The Truth Behind The Bank of Canada’s Decision
Bank of Canada Governor Mark Carney has announced that interest rates would stay on hold for the time being.
The decision wasn’t a surprise to the market. Most, if not all, traders were expecting nothing more than an unchanged rate decision. But, it’s the factors behind the ultimate announcement that is keeping those wanting to go long the Canadian dollar to remain on the sidelines.
Interest rate speculation has supported the Canadian dollar against the greenback in the last several months. Global investors and traders looking for higher Canadian interest rates were betting that the Bank of Canada would react to beginning of the year growth forecasts that topped 3% – compared to US economic forecasts of about 1-2%. The sentiment helped to fuel as much as a 6% appreciation in the Loonie against the US dollar this year.
But, now the economic picture has changed. And, so has the tone of the Bank of Canada.
Rapid growth supported by domestic demand and housing construction has all but dried up. This has left the nation’s growth rate far below what was expected at the end of 2010. According to the latest quarterly growth assessment, the Canadian economy actually contracted by 0.4%. This left the annualized expansion rate lower as well, dropping to 2% from 2.2%. This is hardly a rate of growth that can spur inflationary concerns, needed to justify a rate hike.
The drop-off in growth has been widely supported by a decline in domestic demand, seen in consumer sales numbers. Current retail sales growth is on pace to rise by 0.5% for the year, compared to central bank forecasts of a 1.5% advance.
But, it’s not just the domestic economy that has central bankers worried.
According to statements following the Bank of Canada’s decision on September 7th, Governor Mark Carney noted that due to excessive market volatility and the European debt situation “the need to withdraw monetary policy stimulus has diminished.” This is a sentiment is being shared by other global central banks – most recently by the Reserve Bank of Australia, Sweden’s Riksbank and the Bank of Korea. All three central banks have noted that excessive market risk and the on-going European crisis is keeping the short term picture of monetary and economic conditions unclear. This has led to mounting expectations that global central banks will be foregoing inflation management – rather working towards boosting growth.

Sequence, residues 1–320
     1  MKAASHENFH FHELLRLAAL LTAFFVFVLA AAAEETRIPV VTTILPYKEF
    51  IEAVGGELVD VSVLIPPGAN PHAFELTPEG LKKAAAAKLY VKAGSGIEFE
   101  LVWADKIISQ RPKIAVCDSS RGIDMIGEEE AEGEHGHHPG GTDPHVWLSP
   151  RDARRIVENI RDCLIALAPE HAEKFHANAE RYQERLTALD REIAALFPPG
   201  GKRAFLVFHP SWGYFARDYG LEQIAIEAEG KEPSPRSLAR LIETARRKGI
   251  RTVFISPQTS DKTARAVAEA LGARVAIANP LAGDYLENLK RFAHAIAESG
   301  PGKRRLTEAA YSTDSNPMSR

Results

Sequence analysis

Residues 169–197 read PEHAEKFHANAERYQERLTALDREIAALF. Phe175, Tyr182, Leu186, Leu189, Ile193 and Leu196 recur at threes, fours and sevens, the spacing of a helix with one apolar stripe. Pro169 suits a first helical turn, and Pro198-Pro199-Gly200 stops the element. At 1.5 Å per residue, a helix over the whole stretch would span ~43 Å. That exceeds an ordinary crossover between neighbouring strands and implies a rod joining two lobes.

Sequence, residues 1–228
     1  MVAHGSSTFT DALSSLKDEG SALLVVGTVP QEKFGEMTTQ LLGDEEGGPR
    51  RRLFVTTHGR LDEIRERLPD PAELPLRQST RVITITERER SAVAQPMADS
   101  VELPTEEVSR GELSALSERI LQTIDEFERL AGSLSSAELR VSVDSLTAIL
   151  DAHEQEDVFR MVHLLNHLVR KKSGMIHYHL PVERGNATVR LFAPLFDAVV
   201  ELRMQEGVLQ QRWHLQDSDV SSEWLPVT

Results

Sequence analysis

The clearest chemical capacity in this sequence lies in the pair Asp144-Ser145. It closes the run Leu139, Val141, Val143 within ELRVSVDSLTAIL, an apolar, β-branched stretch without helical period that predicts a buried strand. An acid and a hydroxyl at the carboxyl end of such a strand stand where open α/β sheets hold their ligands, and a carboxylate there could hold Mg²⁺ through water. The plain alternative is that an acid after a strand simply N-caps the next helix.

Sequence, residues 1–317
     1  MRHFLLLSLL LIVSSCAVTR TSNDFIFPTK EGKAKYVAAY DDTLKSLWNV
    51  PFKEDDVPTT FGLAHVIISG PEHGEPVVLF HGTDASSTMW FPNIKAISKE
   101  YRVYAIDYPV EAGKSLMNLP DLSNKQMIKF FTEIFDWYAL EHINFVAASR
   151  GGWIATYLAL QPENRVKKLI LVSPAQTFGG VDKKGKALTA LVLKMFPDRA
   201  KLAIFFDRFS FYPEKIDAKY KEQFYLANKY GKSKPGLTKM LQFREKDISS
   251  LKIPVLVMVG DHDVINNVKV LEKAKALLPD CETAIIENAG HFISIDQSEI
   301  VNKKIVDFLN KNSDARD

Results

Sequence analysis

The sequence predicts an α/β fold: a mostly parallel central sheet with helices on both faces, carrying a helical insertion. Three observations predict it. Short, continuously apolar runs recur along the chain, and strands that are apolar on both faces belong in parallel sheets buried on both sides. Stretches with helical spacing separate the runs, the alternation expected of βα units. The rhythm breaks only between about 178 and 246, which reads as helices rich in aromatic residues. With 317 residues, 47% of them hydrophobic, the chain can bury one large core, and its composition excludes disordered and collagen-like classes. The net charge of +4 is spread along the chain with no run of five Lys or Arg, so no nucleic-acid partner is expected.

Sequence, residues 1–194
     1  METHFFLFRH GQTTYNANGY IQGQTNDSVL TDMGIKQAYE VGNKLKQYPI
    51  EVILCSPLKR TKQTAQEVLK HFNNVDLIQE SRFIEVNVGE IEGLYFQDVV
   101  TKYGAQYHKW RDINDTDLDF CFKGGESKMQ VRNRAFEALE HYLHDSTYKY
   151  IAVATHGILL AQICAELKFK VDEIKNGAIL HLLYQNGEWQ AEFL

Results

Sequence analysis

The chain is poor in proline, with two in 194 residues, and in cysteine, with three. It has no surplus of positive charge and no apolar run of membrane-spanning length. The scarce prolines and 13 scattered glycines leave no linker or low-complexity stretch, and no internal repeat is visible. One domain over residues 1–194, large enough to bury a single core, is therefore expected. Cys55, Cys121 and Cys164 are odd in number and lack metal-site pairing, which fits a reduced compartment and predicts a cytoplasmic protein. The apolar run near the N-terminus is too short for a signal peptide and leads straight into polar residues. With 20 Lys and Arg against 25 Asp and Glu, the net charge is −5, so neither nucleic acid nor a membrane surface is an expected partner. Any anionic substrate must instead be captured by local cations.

Traders are expecting just such an outcome with Canada’s central bank as well – with money market indications supporting no BoC rate hikes before Q2 of 2012.
Source: FXAlliance Charts
Even though expectations for a BoC rate hike may have diminished in the short term, this is not likely to keep the Canadian dollar from appreciating against the US dollar. With a relatively wide interest rate differential on Canadian assets, and better economic prospects, global investors will continue to seek out the security of the country’s assets. This will likely keep pressure on the USDCAD currency pair – which remains below parity.